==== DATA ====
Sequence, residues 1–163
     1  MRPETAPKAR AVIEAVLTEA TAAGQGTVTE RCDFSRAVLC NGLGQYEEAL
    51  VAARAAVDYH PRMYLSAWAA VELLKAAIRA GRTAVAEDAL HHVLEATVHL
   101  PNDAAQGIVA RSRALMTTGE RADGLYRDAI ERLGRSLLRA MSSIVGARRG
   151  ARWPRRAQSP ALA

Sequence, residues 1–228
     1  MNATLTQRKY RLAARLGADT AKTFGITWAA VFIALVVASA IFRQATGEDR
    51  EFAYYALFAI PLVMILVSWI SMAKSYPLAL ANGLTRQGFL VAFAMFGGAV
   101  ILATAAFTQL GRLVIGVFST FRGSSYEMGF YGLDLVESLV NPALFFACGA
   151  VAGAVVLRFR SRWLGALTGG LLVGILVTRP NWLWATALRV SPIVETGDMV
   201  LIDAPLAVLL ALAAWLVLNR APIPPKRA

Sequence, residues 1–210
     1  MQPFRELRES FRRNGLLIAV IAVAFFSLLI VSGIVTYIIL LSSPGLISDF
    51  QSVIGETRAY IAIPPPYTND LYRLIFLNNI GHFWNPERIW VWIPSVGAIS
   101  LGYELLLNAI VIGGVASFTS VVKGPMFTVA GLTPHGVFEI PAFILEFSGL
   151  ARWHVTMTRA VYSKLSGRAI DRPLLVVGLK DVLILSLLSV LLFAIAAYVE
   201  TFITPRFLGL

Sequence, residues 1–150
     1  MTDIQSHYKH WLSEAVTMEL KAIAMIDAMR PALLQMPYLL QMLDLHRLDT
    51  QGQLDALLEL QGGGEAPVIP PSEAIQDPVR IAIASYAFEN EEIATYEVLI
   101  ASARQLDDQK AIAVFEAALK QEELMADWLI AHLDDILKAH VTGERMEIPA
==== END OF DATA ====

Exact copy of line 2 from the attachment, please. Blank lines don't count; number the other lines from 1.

     1  MRPETAPKAR AVIEAVLTEA TAAGQGTVTE RCDFSRAVLC NGLGQYEEAL